Cutting timbers and balancing tension while sawing is “a very complicated dance” high above ground, to secure the tall steeple of the historic Trinity Episcopal Church in Abbeville.
Mike Bedenbaugh, Preservation South Carolina executive director, said phase one, the securing of Trinity Episcopal’s steeple, is getting a big, temporary boost beginning early today.
“It’s a very precise thing experts are having to do, so that the steeple doesn’t ‘jump up’ when it’s detached Wednesday,” Bedenbaugh said. “It will be a dramatic thing.”
Bedenbaugh has been in Abbeville almost daily this week, getting ready for this steeple work, which is being overseen by Midwest Maintenance of Augusta, Georgia and MoreSun Timber Frames of Long Creek.
Additionally, matching funds to help with the historic church’s restoration are getting an injection from National Park Service supplemental assistance grant funds, available to historic buildings damaged by Hurricane Irma in September 2017, Bedenbaugh said.
“We were able to prove shingles that came off the steeple did so when Irma came by,” Bedenbaugh said. “We have photographic evidence of the shingles on the steeple beforehand and photographic evidence of them off, afterwards.”
Bedenbaugh said the NPS grant awarded is for $220,000. It covers replacing shingles, installing scaffolding and a lightning rod system, and installing copper flashing.
“Now, because of this grant and other funding, we have received half of our match requirement,” Bedenbaugh told the Index-Journal on Tuesday. “We have $250,000 left to raise. Once we raise that amount, we will be able to lower the steeple back down 12 inches and permanently restore and finish the steeple. The moment the dollar amount is in, we can get started.”
In 2019, it was announced Trinity Episcopal was being awarded $250,000 through the National Fund for Sacred Places, part of a grant-making program of Partners for Sacred Spaces, in collaboration with the National Trust for Historic Preservation.
However, that national preservation grant is tied to matching funds the Trinity restoration project must raise to receive the full amount. Some $500,000 total in matching funds are needed to complete the project.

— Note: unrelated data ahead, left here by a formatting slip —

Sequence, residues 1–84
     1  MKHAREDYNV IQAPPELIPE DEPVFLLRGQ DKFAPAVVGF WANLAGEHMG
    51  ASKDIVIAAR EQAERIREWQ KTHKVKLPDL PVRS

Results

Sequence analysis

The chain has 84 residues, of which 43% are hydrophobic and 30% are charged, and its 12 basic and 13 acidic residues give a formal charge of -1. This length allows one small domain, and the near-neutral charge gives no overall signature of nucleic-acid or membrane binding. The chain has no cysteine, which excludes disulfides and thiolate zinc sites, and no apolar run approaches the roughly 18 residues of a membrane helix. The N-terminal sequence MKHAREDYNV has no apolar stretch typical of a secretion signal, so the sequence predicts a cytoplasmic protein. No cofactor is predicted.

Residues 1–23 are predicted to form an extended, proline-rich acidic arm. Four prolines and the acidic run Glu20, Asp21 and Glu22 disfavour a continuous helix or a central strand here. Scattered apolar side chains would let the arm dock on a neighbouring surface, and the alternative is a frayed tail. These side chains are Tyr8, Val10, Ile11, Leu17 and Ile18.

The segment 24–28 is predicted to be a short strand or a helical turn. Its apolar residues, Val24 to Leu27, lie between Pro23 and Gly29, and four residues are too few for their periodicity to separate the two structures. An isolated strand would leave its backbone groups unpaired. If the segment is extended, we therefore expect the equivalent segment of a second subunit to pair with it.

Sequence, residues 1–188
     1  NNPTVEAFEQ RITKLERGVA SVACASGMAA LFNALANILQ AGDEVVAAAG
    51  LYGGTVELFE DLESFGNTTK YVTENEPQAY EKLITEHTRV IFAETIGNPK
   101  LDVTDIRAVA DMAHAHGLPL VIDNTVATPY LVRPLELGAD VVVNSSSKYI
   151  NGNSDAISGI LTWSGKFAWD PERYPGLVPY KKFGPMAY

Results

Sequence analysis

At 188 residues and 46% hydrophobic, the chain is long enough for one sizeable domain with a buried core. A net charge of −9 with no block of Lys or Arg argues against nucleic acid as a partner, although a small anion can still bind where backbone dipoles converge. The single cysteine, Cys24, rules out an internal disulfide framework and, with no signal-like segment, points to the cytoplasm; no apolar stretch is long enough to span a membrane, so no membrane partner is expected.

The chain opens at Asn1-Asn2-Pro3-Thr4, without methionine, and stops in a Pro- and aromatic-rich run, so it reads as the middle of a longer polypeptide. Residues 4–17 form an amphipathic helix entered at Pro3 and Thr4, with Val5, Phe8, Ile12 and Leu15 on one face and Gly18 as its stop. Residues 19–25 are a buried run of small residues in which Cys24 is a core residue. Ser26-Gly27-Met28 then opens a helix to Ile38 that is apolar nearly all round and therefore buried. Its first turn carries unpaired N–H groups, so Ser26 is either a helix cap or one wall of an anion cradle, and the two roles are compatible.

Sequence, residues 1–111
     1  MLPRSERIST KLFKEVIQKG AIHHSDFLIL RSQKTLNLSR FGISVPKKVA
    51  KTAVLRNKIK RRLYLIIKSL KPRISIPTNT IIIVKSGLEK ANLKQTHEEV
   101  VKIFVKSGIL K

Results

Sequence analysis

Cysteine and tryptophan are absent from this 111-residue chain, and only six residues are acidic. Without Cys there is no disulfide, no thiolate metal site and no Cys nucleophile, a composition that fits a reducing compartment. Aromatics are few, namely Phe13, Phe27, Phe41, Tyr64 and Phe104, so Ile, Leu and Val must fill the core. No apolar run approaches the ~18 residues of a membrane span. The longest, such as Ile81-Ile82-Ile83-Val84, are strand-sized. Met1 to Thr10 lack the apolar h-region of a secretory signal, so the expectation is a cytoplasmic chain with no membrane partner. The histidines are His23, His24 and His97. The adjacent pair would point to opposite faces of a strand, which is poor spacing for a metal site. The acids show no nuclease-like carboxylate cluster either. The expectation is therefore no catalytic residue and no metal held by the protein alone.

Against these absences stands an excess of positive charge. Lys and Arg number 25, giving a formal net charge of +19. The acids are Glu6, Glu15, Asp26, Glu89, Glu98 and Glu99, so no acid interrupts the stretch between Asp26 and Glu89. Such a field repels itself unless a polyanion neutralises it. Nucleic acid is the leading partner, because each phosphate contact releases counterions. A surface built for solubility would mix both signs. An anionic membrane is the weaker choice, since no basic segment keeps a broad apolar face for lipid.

“In the spirit of bringing this sacred space back and having it open permanently, we need people to help us with that final financial push, as soon as they can,” Bedenbaugh said.
Using a large 280-foot tall crane, steel beams and a wooden support system are being anchored around the frame of the existing 125-foot tall steeple, Bedenbaugh said.
Today, the steeple will be hooked to the crane and detached from its original 160-year-old foundation timbers. The steeple will be lifted 12 inches using the crane and tied in and anchored so that it will not fall or topple. With no weather delays, Bedenbaugh anticipates this to be completed by Friday.
Watch it stream on a Facebook Live at the charitable organization’s Preservation South Carolina’s Facebook page, starting sometime this morning. A Preservation South Carolina YouTube video will follow later.
“This is not a permanent fix,” Bedenbaugh explained. “But, that’s how the steeple will be, until we raise the final $250,000 to do phase two and finish the work, and lower the steeple back down...Restoration of the steeple is being done in two parts...We started planning this three months ago, but we didn’t know COVID-19 was going to hit...The church will be ready to be re-opened once people are allowed again to gather for worship.”
Trinity Episcopal has been closed to the public and its congregation for two and a half years now because the steeple was deemed unstable and in danger of collapse. Preservation South Carolina is working with Friends of Trinity Abbeville and others to restore the church.
“Preservation South Carolina has rarely worked with a community as responsive and effective as the City of Abbeville has been,” Bedenbaugh said. “When we’ve encountered challenges of needing wires moved and streets closed, the City of Abbeville has been right there, supporting us.”